Jim Obergfell gives a speech outside the U.S. Supreme Court. (Image Source: Andrew Harrer/Bloomberg via Getty Images)
Jim Obergfell gives a speech outside the U.S. Supreme Court. (Image Source: Andrew Harrer/Bloomberg via Getty Images)

Obergefell v. Hodges: An Iconic Case


Jim Obergefell and John Arthur quickly heard the news of Windor’s success. Obergefell and Arthur decided to get married before Arthur passed away due to his health struggle. The couple lived in Ohio and traveled to Maryland for their wedding. After returning home, they went to an Ohio judge who ruled for Obergefell to be listed as the surviving spouse upon Arthur’s death.


John Arthur passed away three months after their marriage. With the Judge’s ruling, Obergefell was listed on the death certificate. However, the state of Ohio appealed the Judge’s decision and reissued the certificate to exclude his name. Obergefell filed an appeal to the Supreme Court in 2014. On June 26th, 2015, the U.S. Supreme Court ruled 5-4 on Obergefell v. Hodges in favor of federal same-sex marriage.


Legacy


The decision on Obergefell v. Hodges gave civil rights to millions of LGBTQ+ Americans. The White House was lit in rainbow lights, and the nation celebrated after years of protesting, boycotting, Queer politicism, and hardships. Legalizing marriage equality would not have been possible without Edith Windsor and Jim Obergefell’s perseverance and the hard work of the activists who came before us.


Supporters of marriage equality celebrate the Supreme Court’s ruling in Obergefell v. Hodges. (Image Source: Mladen Antonov/AFP via Getty Images)
Supporters of marriage equality celebrate the Supreme Court’s ruling in Obergefell v. Hodges. (Image Source: Mladen Antonov/AFP via Getty Images)


 

References


Andersen, E. A. (2017). Transformative Events in the LGBTQ Rights Movement. Indiana Journal of Law and Social Equality, 5(2), 36. https://www.repository.law.indiana.edu/ijlse/vol5/iss2/10


ACLU. (n.d.). Windsor v. United States. American Civil Liberties Union. Retrieved March 26, 2021, from https://www.aclu.org/cases/lesbian-and-gay-rights/windsor-v-united-states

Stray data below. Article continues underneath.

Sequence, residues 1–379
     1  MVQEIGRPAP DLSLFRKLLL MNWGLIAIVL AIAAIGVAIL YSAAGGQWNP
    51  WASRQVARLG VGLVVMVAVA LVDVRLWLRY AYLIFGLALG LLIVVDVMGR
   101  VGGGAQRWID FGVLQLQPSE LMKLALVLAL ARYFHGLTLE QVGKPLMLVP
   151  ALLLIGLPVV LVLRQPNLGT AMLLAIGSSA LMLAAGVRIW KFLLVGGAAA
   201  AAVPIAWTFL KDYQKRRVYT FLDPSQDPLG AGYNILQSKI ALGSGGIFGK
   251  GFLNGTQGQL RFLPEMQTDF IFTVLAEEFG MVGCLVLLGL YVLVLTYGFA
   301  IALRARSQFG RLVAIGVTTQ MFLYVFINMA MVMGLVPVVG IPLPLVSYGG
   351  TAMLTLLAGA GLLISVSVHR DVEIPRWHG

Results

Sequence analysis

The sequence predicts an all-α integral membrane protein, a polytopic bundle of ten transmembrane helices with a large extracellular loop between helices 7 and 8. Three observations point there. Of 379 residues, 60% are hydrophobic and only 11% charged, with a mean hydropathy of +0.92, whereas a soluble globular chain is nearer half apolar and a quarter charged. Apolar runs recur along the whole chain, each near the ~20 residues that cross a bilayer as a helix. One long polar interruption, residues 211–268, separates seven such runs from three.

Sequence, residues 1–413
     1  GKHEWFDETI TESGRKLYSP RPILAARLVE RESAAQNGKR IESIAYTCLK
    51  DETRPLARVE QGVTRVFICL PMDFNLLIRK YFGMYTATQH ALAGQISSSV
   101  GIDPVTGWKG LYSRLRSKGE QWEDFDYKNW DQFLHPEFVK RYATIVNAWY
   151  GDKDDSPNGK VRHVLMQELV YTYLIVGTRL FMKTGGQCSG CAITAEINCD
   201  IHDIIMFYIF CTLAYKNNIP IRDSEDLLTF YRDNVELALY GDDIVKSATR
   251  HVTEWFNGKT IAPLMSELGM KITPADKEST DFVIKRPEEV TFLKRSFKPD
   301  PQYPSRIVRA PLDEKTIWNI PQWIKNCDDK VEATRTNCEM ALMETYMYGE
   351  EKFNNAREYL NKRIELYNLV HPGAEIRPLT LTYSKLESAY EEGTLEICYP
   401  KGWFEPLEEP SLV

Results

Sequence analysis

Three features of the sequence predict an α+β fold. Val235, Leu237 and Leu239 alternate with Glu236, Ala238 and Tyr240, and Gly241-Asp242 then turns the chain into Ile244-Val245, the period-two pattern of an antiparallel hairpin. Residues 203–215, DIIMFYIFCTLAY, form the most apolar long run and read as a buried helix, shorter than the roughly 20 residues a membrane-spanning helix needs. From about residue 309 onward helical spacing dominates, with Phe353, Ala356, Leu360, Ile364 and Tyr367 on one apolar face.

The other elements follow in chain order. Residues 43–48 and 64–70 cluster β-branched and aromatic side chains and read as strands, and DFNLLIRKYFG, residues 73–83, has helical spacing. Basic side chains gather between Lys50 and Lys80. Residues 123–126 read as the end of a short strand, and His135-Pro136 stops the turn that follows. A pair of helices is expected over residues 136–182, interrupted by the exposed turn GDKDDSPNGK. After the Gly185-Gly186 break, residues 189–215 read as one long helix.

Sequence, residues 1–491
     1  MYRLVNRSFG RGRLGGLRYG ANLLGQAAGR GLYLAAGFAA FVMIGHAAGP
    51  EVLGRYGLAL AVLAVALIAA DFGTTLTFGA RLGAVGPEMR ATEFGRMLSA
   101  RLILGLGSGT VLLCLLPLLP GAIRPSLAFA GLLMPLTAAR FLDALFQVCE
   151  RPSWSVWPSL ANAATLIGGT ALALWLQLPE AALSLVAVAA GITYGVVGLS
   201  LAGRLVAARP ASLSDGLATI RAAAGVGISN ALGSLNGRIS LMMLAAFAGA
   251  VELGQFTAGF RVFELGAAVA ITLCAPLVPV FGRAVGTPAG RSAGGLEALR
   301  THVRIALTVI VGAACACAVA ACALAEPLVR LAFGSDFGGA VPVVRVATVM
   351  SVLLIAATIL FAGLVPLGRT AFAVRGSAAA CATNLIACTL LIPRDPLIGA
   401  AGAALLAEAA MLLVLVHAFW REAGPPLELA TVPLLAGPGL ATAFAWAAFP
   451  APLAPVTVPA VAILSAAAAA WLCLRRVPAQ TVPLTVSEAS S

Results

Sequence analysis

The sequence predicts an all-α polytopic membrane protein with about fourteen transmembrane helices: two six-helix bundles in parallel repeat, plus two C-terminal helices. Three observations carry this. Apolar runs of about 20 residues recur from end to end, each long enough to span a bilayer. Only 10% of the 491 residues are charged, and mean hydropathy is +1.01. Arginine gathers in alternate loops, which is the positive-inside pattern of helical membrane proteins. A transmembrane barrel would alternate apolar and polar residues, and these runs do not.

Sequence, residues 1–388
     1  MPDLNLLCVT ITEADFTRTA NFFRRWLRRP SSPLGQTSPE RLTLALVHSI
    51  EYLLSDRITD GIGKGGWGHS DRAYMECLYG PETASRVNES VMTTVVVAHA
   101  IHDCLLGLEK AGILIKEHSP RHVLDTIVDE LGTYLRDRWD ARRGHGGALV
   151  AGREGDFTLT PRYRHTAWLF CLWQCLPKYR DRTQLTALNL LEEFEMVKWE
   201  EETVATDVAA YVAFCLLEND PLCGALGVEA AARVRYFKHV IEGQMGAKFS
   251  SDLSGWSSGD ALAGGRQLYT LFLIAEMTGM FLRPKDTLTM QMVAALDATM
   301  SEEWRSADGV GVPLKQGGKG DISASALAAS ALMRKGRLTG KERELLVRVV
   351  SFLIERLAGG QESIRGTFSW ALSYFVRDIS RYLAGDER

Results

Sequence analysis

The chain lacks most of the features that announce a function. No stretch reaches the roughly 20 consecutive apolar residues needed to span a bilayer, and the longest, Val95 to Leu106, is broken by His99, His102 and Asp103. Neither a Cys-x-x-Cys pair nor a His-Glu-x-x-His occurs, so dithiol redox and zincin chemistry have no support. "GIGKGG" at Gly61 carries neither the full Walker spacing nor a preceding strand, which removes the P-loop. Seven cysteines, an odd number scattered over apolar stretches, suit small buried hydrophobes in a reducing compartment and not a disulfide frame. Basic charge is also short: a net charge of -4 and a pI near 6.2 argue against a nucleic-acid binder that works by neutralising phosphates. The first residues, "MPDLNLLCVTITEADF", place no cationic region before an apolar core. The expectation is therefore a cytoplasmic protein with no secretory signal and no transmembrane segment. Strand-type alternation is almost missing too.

Defense of Marriage Act: Update to Prior Report. (n.d.). Retrieved September 24, 2021, from https://www.gao.gov/assets/gao-04-353r.pdf


Domestic Partner Benefit Eligibility: Defining Domestic Partners and Dependents—HRC Foundation. (n.d.). Retrieved September 24, 2021, from https://www.thehrcfoundation.org/professional-resources/domestic-partner-benefit-eligibility-defining-domestic-partners-and-dependents


Domestic Partnership Benefits. (n.d.). Retrieved September 24, 2021, from https://www.glad.org/wp-content/uploads/2017/01/domestic-partnership-overview.pdf


Domestic Partnership vs. Marriage: What’s the Difference? (n.d.). Retrieved September 24, 2021, from https://www.rocketlawyer.com/family-and-personal/family-matters/marriage/legal-guide/domestic-partnership-vs-marriage-whats-the-difference


Liptak, A. (2013, June 26). Supreme Court Bolsters Gay Marriage With Two Major Rulings. The New York Times. https://www.nytimes.com/2013/06/27/us/politics/supreme-court-gay-marriage.html


Rosenwald, M. S. (2015, April 6). How Jim Obergefell became the face of the Supreme Court gay marriage case. Washington Post. https://www.washingtonpost.com/local/how-jim-obergefell-became-the-face-of-the-supreme-court-gay-marriage-case/2015/04/06/3740433c-d958-11e4-b3f2-607bd612aeac_story.html